• Ladders (referring to the rungand- rail assemblies providing vertical access on the outside or inside of the tower). Check general condition of the base material, and make sure that all connections between the ladder and the tower are tight and in good condition. Make sure ladder cages are installed where required for personnel safety, and that they are in good condition.
  • Fan deck. Check the general condition of the fan-deck material, noting any steel corrosion or wood decay. Loose fan-deck overlays are trip hazards. Oil leaks or spills are slip hazards. Look for sagging or dips in the fan deck, which may indicate buckled columns in the structure.
  • Stairway (referring to the treadand- riser assembly providing angular access to and from the top of the structure). Check for wood decay, loose treads, unsecured handrails, or deteriorated stringers. Make sure bolted connections are tight and that all of the hardware is in good condition.
  • Interior walkway. Check for broken or deteriorated treads and rails. Check for tightness of connections between the walkway and the tower structure. Check for any damage or deterioration that may pose a potential safety hazard.
  • old-water basin. Look for and remove any excessive buildup of sludge and accumulated debris. Check basin material for any signs of leaks or breakdown of sealing material. Inspect anchor castings and bolts. Make sure debris screens are in place and in good condition.
  • Hot-water distribution basin. Check for wood decay, leaks between adjoining panels, and tightness of bolted joints. Ensure nozzles are in-place, and check them for internal wear and clogging. Remove any debris from the basin. Inspect distribution boxes for leaks or other signs of damage.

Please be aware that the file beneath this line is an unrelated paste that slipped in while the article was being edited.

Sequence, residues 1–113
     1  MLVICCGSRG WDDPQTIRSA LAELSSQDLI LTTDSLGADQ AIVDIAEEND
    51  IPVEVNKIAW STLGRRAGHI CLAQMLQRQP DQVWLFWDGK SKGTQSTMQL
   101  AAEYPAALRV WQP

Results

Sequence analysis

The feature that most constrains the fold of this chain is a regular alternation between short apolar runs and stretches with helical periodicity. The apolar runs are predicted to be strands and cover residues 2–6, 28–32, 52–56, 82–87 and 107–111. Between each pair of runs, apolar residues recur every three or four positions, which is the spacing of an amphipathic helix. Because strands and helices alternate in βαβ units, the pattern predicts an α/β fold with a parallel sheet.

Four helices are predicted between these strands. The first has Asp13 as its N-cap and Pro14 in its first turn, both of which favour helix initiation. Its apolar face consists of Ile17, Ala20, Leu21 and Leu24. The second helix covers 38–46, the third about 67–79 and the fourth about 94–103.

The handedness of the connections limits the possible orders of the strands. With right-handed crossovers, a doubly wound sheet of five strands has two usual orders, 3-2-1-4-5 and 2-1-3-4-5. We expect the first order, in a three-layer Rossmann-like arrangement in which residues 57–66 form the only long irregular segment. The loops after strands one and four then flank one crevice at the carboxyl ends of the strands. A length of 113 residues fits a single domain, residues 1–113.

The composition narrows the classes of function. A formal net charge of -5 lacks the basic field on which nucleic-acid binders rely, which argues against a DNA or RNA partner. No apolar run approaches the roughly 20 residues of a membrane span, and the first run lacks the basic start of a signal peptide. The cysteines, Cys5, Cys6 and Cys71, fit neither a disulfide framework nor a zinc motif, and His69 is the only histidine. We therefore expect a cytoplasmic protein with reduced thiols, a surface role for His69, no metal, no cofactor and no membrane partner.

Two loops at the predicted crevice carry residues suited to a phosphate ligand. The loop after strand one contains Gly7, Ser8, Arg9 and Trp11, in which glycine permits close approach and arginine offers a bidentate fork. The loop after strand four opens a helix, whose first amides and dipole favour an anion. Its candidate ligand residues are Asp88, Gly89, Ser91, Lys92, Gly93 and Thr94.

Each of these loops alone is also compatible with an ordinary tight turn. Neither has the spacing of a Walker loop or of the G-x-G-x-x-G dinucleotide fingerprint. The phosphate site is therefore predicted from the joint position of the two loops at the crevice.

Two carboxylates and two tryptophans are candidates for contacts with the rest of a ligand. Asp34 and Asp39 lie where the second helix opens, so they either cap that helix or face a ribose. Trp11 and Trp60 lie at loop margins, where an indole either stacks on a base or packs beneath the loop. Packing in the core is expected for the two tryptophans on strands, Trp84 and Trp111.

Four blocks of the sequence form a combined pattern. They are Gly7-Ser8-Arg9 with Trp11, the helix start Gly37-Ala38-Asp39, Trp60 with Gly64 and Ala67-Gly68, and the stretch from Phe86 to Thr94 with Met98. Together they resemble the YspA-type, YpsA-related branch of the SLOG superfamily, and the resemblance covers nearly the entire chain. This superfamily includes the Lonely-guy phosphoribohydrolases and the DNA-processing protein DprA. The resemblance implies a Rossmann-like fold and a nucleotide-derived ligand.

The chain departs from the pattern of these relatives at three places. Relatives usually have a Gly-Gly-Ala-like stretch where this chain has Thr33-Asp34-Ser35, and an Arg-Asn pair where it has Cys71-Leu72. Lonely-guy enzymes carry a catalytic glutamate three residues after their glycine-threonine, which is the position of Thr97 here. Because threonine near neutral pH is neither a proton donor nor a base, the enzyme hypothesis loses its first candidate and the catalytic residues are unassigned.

• Header pipe. Inspect iron piping for corrosion or loss of coating material. Look for deterioration of PVC and fiberglass piping. Inspect all piping supports, and verify their integrity for continued service (Fig 4). Check bell and spigot joints for separation or blown-out seals.
  • Flow-control valves. Other than fill-bypass systems designed for freeze protection, regulation of the cold-water return temperature is accomplished through modulation of air flow, not water flow. Flow-control valves (Fig 5) are fixed in the positions that balance water flow to each basin. The major outage provides an opportunity to inspect valve internals for corrosion or signs of wear. Unlock each valve and operate it manually through its full range of travel. When the tower is returned to operation and you can see the level in the hot-water basin, reset the valves to balance water flow to all basin sections. Then relock valve positions.
  • Fill. Of the two types of fill— splash and film—film is more common in today’s combined-cycle/cogen plants because of its ability to expose greater water surface within a given packed volume, hence deliver better heat transfer (Fig 6). However, its narrow passages are inherently more prone to clogging. With either type of fill, inspect for sagging, broken, or decaying splash bars, or excessive buildup of scale. Look for fallen or misplaced splash bars. Besure that all supporting grids are in-place, evenly spaced, and firmly attached to support member. Closely inspect film fill for signs of clogging.
  • Drift eliminators. Make sure that all air passages are clear of debris and as clean as possible. Check the condition of seals, to ensure that water is not bypassing the eliminators. Make sure water drain passages are clear.
  • Louvers. Make sure that all louvers are in-place, and inspect their base material for deterioration. Check the condition of louver support members and the connections between the louver supports and the tower.